The use of lecture recording refers to an umbrella term describing web-based learning technologies that allow tutors to record what happens in their classroom for students to access digitally (O’Callaghan et al, 2017). Despite its broad term, the tendency across the Higher Education sector to date has been the capture of standard didactic lectures, rather than the spectrum of learning and teaching that occurs in the classroom (Hall and Ivaldi, 2017). Over the last decade lecture capture has gained traction as a means to augment learning, often through revision and revisiting session material (Brooks et al, 2014). However, whilst it has been shown to be of benefit to students with specific learning contracts and those where English is not their first language, there remains a mixed picture as to its impact on student attainment as a whole (Owsto et al, 2011; Leadbeater et al, 2013). Suggested limitations of lecture capture include the promotion of superficial learning by the passive nature that students engage with recordings; however, it could be questioned whether the recording itself, or a didactic teaching delivery method, contributes more to this.
As part of a university-wide initiative to inform the scale-up of ‘learning’ capture, two distinct programmes within the Faculty of Health and Wellbeing at Sheffield Hallam University are being trialled in parallel. The aim is to capture dynamic, practical and discursive learning and teaching sessions as a means to increase engagement, collaboration and learning potential both within and across student cohorts:
An MSc Sport Business Management module aims to bring two cohorts together asynchronously (one UK-based; one in Hong-Kong). The UK cohort has a diverse student group, with a high proportion of international students. The Hong Kong module is being delivered to local, part-time students. Video capture is used to enable collaborative participation in formative assessment tasks. Students share perspectives and experience on a given aspect. Student collaboration enhances globalising the curriculum, provides ranging theoretical contextualisation and develops greater shared understanding.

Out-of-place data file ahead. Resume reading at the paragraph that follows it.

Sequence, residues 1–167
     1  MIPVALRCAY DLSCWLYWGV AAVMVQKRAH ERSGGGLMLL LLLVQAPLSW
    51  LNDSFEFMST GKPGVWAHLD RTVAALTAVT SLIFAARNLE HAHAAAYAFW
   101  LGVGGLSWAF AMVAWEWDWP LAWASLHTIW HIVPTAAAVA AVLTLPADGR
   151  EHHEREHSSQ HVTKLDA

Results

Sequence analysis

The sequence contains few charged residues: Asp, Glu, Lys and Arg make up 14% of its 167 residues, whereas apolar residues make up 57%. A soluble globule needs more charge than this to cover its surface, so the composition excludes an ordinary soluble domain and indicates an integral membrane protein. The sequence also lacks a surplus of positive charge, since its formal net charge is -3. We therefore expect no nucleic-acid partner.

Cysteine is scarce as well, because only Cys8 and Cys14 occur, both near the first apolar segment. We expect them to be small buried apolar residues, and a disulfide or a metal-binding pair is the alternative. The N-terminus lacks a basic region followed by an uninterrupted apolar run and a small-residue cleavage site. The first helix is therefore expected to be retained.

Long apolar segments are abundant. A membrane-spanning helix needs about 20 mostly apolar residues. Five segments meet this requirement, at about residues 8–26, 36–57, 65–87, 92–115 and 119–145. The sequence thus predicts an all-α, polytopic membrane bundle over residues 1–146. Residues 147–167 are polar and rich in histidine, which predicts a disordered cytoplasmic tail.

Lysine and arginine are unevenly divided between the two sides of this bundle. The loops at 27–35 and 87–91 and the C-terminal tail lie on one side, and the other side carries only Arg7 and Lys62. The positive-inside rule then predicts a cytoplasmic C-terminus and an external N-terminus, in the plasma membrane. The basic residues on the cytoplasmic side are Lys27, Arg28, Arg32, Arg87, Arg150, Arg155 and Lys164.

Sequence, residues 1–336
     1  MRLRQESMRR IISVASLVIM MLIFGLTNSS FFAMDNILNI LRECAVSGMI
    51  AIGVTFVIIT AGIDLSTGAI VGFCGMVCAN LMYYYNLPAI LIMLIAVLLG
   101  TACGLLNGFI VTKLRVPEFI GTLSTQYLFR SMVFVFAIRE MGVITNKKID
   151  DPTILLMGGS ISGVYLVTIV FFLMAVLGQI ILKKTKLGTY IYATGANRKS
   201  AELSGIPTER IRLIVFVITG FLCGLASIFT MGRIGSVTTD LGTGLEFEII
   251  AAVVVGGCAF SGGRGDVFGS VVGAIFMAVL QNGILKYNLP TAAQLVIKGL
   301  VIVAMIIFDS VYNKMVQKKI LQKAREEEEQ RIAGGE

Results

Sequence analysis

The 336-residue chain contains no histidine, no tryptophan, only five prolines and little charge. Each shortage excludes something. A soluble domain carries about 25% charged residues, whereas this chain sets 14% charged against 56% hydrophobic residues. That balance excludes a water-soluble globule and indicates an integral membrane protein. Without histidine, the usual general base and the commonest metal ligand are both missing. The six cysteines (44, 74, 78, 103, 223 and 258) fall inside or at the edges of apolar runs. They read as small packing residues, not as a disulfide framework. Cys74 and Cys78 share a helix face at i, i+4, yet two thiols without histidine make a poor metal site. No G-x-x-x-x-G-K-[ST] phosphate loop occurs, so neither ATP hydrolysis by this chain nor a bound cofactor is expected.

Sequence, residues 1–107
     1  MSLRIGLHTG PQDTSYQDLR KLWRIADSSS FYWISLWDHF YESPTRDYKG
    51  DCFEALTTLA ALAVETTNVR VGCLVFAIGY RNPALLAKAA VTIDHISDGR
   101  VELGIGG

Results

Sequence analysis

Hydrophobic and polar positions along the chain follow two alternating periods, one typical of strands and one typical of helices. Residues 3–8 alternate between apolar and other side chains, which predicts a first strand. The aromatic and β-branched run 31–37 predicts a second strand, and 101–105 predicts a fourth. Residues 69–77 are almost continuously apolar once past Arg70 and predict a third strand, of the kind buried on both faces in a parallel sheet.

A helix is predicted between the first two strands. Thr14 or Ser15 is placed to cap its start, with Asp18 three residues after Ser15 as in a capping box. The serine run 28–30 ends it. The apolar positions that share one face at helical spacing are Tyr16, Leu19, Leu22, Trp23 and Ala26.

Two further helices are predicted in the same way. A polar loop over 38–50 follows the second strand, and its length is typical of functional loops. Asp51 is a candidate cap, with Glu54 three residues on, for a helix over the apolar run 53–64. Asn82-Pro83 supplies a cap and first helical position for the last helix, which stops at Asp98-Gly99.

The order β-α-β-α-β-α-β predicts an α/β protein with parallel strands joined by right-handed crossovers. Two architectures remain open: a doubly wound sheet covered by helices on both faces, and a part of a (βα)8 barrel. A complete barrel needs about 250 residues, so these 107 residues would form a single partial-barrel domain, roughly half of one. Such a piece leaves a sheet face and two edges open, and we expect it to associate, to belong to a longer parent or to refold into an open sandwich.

Two modules across a postgraduate healthcare programme aim to enhance the collective development of clinical skills and competence through the capturing of student-created practical videos.
This pilot has utilised accessible low-cost, mobile solutions that support the capture of video and multiple audio channels as well as provide live streaming possibilities. This cloud-based platform also provides the facility for students to integrate additional personal note-taking and collaborative comments to support the personalisation of the learning experience alongside their shared learning.
The academics selected to participate in this pilot study were recruited due to their ability to ‘test’ the learning technologies in different environments, to showcase best practice examples and inform recommendations for implementation and scale-up across the institution.
This interactive work-in-progress session aims to share the experiences and emerging data from across the respective cohorts and seek guidance from session participant’s own experiences. Tutor experiences of managing the technical logistics of capture, editing and dissemination alongside facilitating the learning experience, with minimal additional support will also be explored; identifying barriers and discussing strategies for overcoming them.
Session content: evaluation and reflection
The evaluation of this project is underway currently; and results will be shared during the session.
A range of evaluations are currently being undertaken in order to understand the impact on both academics and students of recording in-class teaching, discussions and practical activities. The evaluation includes gaining student feedback via questionnaires and focus groups as to patterns of usage and perceived value, in addition to the use of learner analytics and module attainment.
Academic staff experiences are also being sought in relation to the use of video capture, both in terms of technical requirements and impact on session design and delivery.
Support team insights (Technology Enhanced Learning and Digital Technology Services) as to scalability and sustainability of this pilot will also be presented within this session.
Participants will be asked to share their own experiences and offer advice and guidance for developing practice further.
Brooks, C., Erickson, G., Greer, J., & Gutwin, C. (2014). Modelling and quantifying the behaviours of students in lecture capture environments https://doi-org.lcproxy.shu.ac.uk/10.1016/j.compedu.2014.03.002
Danielson, J., Preast, V., Bender, H., & Hassall, L. (2014). Is the effectiveness of lecture capture related to teaching approach or content type? https://doi.org/10.1016/j.compedu.2013.10.016
Hall, G., & Ivaldi, A. (2017). A qualitative approach to understanding the role of lecture capture in student learning experiences. Technology, Pedagogy and Education, 26(4), 383-394.
Leadbeater, W., Shuttleworth, T., Couperthwaite, J., & Nightingale, K. P. (2013). Evaluating the use and impact of lecture recording in undergraduates: Evidence for distinct approaches by different groups of students https://doi-org.lcproxy.shu.ac.uk/10.1016/j.compedu.2012.09.011
Owston, R., Lupshenyuk, D., & Wideman, H. (2011). Lecture capture in large undergraduate classes: Student perceptions and academic performance https://doi-org.lcproxy.shu.ac.uk/10.1016/j.iheduc.2011.05.006
O’Callaghan F.V., Neumann D.L., Jones E., Creed P.A., (2017) The use of lecture recordings in higher education: A review of institutional, student, and lecturer issues. Education and Information Technologies. 22:399–415